If you are stagnating and not making progress in therapy then I think you should do something about it. It could be talking with your therapist about that fact and seeing whether you might be able to make some adjustments to push things forward or it might mean looking for another type of treatment. Nothing about switching should feel like a failure. In fact, you might think of it as a sort of graduation. You made enough progress that you are ready for the next thing. And it very well could be that you go and do some more solution-focused therapy for a while and then return to a more depth-oriented approach later on to continue the digging. Either way, you’re allowed to change your approach and try different therapies, especially when it’s coming from such a positive place.
My 11 yr old daughter is beautiful, independent and smart. I am worried about her as I think I have ruined her. She is often very lazy. She refuses chores, doesn’t like to take her puppy out when asked. I know hormones are at play but she often reacts very strongly to conflict or being challenged on anything.
She sometimes ends up very very angry. She will yell, throw things and cuss me out. She has always been dramatic but this is a new and scary level. She has stated that she doesn’t remember most or anything during these rages but to me I think she is avoiding taking responsibility and for trying any of my suggestions on how to handle her behavior.
I am a single mother. Her father was deported when she was a newborn and she has only had limited contact. I have recently divorced her stepdad (we were together for a total of 7yrs). She blames him as well as me for all of her emotional strife. I will state that my ex was often harsh and I also do not handle confrontation well. It’s easy for me to get emotional as well. She is also very jealous of any and all attention paid to her 4yr old brother.
I feel like I am losing my chance to reach her before it’s too late. I worry about her all the time. Please help
Wow. What a tough spot to be in. Thank you for writing in with this question. I think that there is a lot here to unpack. Let me first address the very last thing you said.
You said that you are feeling like you’re losing the chance to reach her before it’s too late. That’s not the case. I think the worst thing that you could do is minimize and pretend like there is nothing going on. But that’s not what you are doing. It’s okay to struggle and it’s okay to not know what to do. You give a shit about her and her upbringing. That matters. Not everyone cares like you do. You need to have some grace with yourself and with her. This is a tough situation. I wish life wasn’t like this for you guys, but let’s look at the facts here: You have a young adolescent kid going through all sorts of physical and identity changes as a normal developmental process. The father was deported before she was ever able to establish a relationship with him. She has witnessed a difficult relationship with your ex-husband that ended in a recent divorce.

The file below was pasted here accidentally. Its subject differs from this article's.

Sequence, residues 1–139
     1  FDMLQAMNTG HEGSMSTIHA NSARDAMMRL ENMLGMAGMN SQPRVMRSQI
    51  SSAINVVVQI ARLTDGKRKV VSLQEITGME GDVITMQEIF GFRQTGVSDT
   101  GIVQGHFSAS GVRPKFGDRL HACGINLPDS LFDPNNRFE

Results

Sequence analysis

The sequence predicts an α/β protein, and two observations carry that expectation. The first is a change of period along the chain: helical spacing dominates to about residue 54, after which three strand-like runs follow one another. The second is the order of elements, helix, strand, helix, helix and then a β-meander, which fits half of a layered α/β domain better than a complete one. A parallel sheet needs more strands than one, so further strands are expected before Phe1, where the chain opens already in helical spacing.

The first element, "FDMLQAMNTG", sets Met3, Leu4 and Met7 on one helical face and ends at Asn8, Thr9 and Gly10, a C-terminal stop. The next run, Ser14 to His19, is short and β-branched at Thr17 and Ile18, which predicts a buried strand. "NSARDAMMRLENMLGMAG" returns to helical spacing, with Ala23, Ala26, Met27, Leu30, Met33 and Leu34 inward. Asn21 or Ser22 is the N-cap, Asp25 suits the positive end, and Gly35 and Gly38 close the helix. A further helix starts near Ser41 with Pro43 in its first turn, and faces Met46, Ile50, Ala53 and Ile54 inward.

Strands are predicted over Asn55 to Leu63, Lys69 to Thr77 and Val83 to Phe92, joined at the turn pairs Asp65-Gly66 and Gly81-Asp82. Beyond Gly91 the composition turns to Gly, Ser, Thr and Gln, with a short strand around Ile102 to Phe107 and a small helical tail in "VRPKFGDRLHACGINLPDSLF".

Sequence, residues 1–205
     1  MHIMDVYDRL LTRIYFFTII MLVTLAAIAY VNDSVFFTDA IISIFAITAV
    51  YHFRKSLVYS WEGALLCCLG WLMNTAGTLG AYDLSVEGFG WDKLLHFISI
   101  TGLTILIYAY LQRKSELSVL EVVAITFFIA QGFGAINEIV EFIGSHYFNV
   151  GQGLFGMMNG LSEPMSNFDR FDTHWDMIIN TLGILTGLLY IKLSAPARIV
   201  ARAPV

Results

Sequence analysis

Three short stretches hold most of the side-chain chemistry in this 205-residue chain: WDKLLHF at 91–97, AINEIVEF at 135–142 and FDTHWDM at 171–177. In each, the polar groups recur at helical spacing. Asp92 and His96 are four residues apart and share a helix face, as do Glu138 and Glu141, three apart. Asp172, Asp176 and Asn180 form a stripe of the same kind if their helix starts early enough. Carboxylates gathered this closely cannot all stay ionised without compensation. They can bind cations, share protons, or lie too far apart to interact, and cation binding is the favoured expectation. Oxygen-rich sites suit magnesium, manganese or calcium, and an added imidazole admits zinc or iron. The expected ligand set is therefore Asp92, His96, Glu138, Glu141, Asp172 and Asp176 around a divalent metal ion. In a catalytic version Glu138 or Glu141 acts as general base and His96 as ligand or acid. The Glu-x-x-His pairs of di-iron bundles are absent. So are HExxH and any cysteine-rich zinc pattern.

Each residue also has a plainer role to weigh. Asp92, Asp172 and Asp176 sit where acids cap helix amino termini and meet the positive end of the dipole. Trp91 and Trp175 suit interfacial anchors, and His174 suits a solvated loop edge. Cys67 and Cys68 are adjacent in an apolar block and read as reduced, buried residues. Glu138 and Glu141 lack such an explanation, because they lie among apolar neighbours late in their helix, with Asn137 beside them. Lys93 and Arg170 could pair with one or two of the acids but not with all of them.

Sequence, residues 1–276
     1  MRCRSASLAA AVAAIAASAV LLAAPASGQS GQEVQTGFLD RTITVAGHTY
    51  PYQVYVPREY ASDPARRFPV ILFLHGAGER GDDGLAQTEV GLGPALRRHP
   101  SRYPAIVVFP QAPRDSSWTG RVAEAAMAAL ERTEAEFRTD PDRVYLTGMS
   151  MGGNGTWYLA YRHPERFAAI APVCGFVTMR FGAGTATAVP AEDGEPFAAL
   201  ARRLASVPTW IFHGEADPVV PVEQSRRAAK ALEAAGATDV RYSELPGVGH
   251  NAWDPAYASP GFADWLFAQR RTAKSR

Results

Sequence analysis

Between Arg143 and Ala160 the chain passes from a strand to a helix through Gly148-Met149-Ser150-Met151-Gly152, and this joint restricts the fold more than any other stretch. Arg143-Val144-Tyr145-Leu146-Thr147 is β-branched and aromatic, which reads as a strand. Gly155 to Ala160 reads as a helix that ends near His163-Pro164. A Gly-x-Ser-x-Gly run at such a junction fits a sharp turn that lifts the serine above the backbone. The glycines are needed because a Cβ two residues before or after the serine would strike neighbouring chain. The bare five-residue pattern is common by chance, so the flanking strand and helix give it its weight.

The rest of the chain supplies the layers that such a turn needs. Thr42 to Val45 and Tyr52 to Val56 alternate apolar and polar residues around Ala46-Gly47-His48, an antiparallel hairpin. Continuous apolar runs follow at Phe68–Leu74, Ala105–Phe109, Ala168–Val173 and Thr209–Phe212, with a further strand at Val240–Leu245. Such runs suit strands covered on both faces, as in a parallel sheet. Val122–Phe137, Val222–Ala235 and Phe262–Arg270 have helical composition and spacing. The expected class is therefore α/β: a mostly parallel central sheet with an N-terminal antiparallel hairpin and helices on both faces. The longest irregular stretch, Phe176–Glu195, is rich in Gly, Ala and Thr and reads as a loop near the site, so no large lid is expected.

The system of your little family is going through a lot of crap right now and it’s normal for a system to react when this happens. Some people may turn inward, some people may externalize with difficult behaviors. It’s a lot to adjust to and it’s normal for there to be a reaction. That doesn’t mean that there can’t be some accountability and expectations, but just keep all of this in mind as context. Sometimes there isn’t some big mysterious reason for all of these behavior changes. The answers might be staring you right in the face and it’s more about trying to figure out how to deal with the situation.
Let’s talk strategy. What can we do here?
First off, take a look at the relationship with your daughter as a whole. Obviously, with the behaviors she’s been exhibiting, there are going to be a lot more arguments and difficult interactions. Are you also having good experiences? I know it may not feel like you should be praising her, doing nice things, or otherwise reinforcing the problematic behaviors that she’s showing, but sometimes one of the best things that you can do to balance a system that is out of wack like this is to increase the reinforcement and positive interactions. It’s normal for resentment to grow when you are feeling like she doesn’t listen to anything you say and she is feeling like all you do is nag her. Try balancing that out with positive interactions. Is there a way that you can add in some special alone time with just her to do something that you both enjoy? Is there a way to praise or reinforce her for some things that she is doing well? This isn’t going to solve anything, but sometimes bringing a little bit of balance to the scenario suddenly gives her a reason to care more about contributing to this system.
It also probably makes sense at this point to integrate some professional help if you haven’t yet. I can think of a few ways that this can be helpful. First off, it shows that you are taking the situation seriously. She very well might push back against things like family therapy, but at the very least she will know that you see how hard this is for everyone and are trying to do something about it. If there are parenting classes available to you these could be really helpful as well. I’m thinking about the behavior modification classes that we used to teach at my internship. They focus on learning how to effectively use reinforcement and punishment. It may be that you need to start withholding certain things that are high-value for her so that she can earn them with better behavior. One thing that I have seen a lot of parents do is become afraid of taking away the kid’s main thing. For my little brother this was music. My parents would never take away his guitar or remove him from certain involvements because they felt that it was just wrong to do so. As a result, none of their demands had any teeth because there was really nothing else that he cared about. I would highly suggest either taking classes or meeting with a private parent educator to help you identify the best strategy for your particular situation.